Paroxysmal events were observed during wakefulness in 56 patients (80%; 3.1±2.4 events; range, 1-13). Events occurred during sleep in 39 patients (55.7%; 1.8±1.3 events; range, 1-7) (Table 1). Twenty-five patients (35.7%) presented paroxysmal events during both wakefulness and sleep, although more frequently during wakefulness.

The main types of events described were focal seizures associated with alterations in the level of consciousness (n=37, 52.8%), events progressing to bilateral convulsive seizures (n=16, 22.8%), and PNES (n=9, 12.8%). Fig. 1 summarises the types of events recorded by sex; sex differences are more marked among patients with PNES and those not presenting paroxysmal events during video-EEG monitoring.

Figure 1.

Types of events recorded during video-EEG monitoring of patients with refractory epilepsy at the epilepsy monitoring unit of Hospital San Juan de Dios between 2012 and 2014, broken down by sex. PNES: psychogenic non-epileptic seizures.


Event duration was highly variable, with a median of 90.5 seconds and a range of 14 to 811seconds. Combined focal events (with and without alterations in the level of consciousness) were the shortest, whereas PNES were the longest (Table 2). No differences in duration were observed between sexes by type of event.

Table 2.

Duration of the events recorded during video-EEG monitoring in patients with refractory epilepsy at our epilepsy monitoring unit between 2012 and 2014, broken down by type of event.

Mean±SD  132.8±137.4 
Median (range)  90.5 (14-811) 
Focal seizures with no impairment of consciousness  45 (–) 
Focal seizures with impairment of consciousness  91.5 (43.2) 
Combined focal seizures  40.0 (36.8)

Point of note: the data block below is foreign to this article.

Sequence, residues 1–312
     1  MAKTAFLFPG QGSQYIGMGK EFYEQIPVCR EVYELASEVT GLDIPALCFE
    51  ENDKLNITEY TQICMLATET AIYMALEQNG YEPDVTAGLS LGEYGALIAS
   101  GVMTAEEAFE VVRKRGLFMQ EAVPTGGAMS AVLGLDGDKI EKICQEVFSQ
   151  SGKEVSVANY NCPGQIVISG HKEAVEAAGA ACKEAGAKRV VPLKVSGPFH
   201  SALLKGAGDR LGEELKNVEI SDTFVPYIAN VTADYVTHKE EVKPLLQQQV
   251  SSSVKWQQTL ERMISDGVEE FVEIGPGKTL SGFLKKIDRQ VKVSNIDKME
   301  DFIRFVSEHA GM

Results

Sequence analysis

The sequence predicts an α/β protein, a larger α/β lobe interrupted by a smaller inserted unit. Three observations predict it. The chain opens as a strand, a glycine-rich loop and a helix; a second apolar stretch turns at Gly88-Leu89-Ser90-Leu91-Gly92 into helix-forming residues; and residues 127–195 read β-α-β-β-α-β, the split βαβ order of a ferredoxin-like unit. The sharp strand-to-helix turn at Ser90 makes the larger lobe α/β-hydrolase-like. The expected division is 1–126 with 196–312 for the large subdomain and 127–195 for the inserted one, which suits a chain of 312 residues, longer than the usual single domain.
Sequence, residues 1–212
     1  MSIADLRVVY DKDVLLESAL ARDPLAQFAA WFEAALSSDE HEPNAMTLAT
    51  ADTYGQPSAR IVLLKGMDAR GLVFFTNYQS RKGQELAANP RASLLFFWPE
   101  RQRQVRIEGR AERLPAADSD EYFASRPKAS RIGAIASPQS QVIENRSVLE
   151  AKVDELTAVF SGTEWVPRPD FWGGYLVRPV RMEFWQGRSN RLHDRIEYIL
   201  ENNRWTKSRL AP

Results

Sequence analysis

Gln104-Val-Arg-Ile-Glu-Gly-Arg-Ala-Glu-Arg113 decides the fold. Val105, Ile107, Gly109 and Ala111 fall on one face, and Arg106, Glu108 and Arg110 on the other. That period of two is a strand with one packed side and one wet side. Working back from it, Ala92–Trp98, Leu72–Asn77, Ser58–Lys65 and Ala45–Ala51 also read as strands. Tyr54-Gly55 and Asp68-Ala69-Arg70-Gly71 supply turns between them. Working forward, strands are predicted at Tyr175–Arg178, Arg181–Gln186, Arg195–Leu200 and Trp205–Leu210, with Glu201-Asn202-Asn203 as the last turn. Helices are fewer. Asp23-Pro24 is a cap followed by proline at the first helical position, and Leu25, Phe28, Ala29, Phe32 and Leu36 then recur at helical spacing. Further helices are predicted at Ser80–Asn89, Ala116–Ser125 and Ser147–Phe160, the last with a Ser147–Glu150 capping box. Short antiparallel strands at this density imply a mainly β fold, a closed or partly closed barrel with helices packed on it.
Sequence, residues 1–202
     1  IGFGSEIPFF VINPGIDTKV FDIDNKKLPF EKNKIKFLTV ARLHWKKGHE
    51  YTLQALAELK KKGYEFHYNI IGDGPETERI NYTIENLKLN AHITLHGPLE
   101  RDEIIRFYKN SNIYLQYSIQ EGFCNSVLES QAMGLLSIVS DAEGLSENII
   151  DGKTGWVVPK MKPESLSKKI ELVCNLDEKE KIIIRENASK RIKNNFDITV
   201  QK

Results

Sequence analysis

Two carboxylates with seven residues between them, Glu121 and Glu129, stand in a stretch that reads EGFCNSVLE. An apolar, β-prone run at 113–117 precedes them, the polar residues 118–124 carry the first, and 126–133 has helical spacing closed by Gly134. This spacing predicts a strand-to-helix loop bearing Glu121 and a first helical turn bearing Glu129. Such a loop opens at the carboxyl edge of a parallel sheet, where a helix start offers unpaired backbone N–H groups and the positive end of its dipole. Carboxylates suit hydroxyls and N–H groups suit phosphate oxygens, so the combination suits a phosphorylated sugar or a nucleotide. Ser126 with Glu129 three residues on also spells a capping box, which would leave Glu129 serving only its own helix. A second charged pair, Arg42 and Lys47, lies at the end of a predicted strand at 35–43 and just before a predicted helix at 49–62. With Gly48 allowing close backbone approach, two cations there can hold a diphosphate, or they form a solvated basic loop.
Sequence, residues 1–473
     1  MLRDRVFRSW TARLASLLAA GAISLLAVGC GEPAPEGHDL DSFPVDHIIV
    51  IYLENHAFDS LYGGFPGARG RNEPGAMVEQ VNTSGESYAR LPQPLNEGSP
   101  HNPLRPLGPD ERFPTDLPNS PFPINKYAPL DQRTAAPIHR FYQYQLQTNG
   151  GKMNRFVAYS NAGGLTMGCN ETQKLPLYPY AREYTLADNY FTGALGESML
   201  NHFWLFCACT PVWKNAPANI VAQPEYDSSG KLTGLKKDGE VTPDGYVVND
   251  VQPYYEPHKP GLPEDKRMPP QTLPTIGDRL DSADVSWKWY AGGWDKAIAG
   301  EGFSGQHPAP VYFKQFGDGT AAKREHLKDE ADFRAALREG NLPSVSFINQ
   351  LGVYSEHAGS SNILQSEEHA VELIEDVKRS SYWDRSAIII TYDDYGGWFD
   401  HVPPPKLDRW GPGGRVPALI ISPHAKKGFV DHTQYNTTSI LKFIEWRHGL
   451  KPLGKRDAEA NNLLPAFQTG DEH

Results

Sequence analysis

Events progressing to bilateral seizures  211.9 (211.6) 
Generalised  69.2 (38.6) 
PNES  299.2 (159.3) 

PNES: psychogenic non-epileptic seizures; SD: standard deviation.

Duration of the events, in seconds, is expressed as mean±SD. No SD is provided for single events.

Combined focal seizures: focal seizures with and without impairment of consciousness.

After monitoring, the number of antiepileptic drugs used decreased by 56.8%.

The medical records analysed showed no statistically significant differences in terms of number or type of event by sex, duration of event by sex or age at disease onset, or number of events by type of event.

During prolonged video-EEG monitoring, 9 of the patients with an initial diagnosis of PNES (81.8%) presented paroxysmal events not associated with epileptiform discharges on EEG; the mean number of events was 3.1±2.9 (range, 1-9). All events occurred during wakefulness (2.9±3.0 events per patient; range, 1-9). Two patients (18.2%) also presented an isolated seizure during sleep. In our sample, PNES lasted between 131 and 600 seconds; 77.8% were recorded in women (Fig. 1).

We observed statistically significant differences in event duration between types of events (P<.01). Unlike seizures associated with abnormal neuronal discharges, which have a mean duration of 120.9±118.8 seconds, PNES last a mean of 299.2±159.3 seconds. Significantly fewer events were observed during sleep than during wakefulness in patients with psychogenic seizures (P<.03). Age at seizure onset is 24.6±10.5 years in patients with PNES, compared to 12.3±10 years in patients showing abnormal neuronal discharges (P<.005).


Studies using prolonged video-EEG for epilepsy diagnosis show a slight predominance of the condition among women and a similar age distribution to that observed in our sample.33–35 The percentage of patients with PNES in our sample (12.1%) is also consistent with those reported in the literature.19,23,32